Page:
Wednesday, May 27, 2009
SAINT FRANCIS (2007) d. Ezra Allen Gould
Reviewed by Rick Trottier
Art, sex, religion and depravity can often coexist, just ask the Ruling Theocrats of the Medieval Catholic church. Few denizens of the world have more grotesquely welded these ideals into a mantra of twisted existence better than the Borgia Family. Authors have more easily and acceptably wound the themes of art, sex, religion and depravity into novels both sacred and profane. Painters and photographers have also tried to combine these seemingly disparate elements with a degree of success as well. Putting four such powerful concepts together in a film can be done, but it is a daunting task. The brevity of a motion picture’s runtime and the need for narrative cohesiveness often precludes the chance of really tackling all of these ideas and there is a good reason why. A film can become of tad too “avant-garde” or far too lascivious if any part of the delicate equation becomes unbalanced, tipping the overloaded tale towards disaster. SAINT FRANCIS is an ambitious and somewhat artistic effort to tell a grim tale that fails of its promise in the end despite some strong qualities, all because it can’t quite get the balance right.
SAINT FRANCIS is the story of the Bernard Family. The father, Dr. P. Bernard, is a sleazy televangelist who is more interested in acquiring cash than saving souls and is also the likely cause of his wife’s suicide that occurred when their three children were young. The children are Francis, Soul and Sid, all of which are caught in a maelstrom of debauchery swirling towards a vortex of ruin. Francis is a mentally disturbed drug addict, while Soul is an introspective and glamorous flesh peddler, and then there is Sid, the boyish-looking drug dealer. Their ineffective machinations and self-destructive personal habits intertwine in such a way as to create a despicable and depraved dance of debauchery spinning steadily out of control. By the end of their tale, all three of the Bernard children have been victims of each other’s violent ways and whose names are etched farther down on the tablet of doomed spirits, while their father ignores their helpless declines and preaches an empty message that no one seems to hear.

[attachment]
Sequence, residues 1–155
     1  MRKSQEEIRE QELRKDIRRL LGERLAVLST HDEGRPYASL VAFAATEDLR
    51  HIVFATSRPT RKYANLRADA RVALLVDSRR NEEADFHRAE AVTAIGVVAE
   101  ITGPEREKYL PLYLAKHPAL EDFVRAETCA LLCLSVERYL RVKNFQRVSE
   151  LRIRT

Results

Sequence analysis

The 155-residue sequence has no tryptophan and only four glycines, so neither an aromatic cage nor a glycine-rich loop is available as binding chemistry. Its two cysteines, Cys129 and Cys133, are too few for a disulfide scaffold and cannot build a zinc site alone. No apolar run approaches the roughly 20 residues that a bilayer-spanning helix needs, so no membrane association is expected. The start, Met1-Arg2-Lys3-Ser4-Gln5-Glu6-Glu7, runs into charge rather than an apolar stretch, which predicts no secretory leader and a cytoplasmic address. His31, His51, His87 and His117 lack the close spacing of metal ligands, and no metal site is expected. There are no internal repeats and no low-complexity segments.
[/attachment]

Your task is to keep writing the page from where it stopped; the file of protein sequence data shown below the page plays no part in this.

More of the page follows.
From a narrative standpoint, the general premise of SAINT FRANCIS is somewhat compelling. The juxtaposition of a Holy Man who is neither holy nor human with his terrifically degenerate trinity of damaged children has an excellent idea at its core of showing how truly barren either end of the spectrum can be. Neither the preacher nor his thrill-seeking offspring have found anything lasting that buoys the spirit or have done anything that leaves an enduring legacy. Interweaving their miserable chronicles has benefit as well, for what emerges is akin to a sickening kaleidoscope of personal and societal misery that bewilders the mind and is crushing to the soul. Yes, this is a depressing yarn, but looking into the mouth of madness is a good thing sometimes. What shatters the plot on the anvil of its own simplicity though is that there isn’t enough depth to the story, complexity to the characters or profundity to the themes twined about them. Too often we are treated to characters interfacing inanely on their cell phones, looping back over old ground about topics that we have already visited to our profound boredom and that were thin to begin with and/or somewhat meaningless, or worse the dialogue just existed to pad out the length of a fairly short film. What makes these narrative weaknesses even more distressing was that a really good story can sometimes cover for the lack of acting talent. In the case of SAINT FRANCIS, the sparsely spun tale highlighted the poor acting and it was only the propensity of sordid and steamy scenes swollen with salacious skin that helped to distract the viewer from the lack of strong performers just like any good sleight of hand trick, but not quite. At least in the case of Dita Von Teese (Soul), one can say that her spectacular loveliness, elegance and barely contained sensuality makes up to a small degree for her inexperience and underwhelming portrayal of her character, but in the case of Charles Koutris (Francis) and Casey Anderson (Sid), their performances were either overblown and irritating (Mr. Koutris) or downright wooden (Mr. Anderson). On a final acting note, Zalman King (Dr. Bernard) has never been anything but a third-rate actor and while he may add some name recognition to a cast of relative unknowns, was the cost of adding a “lead balloon” worth it?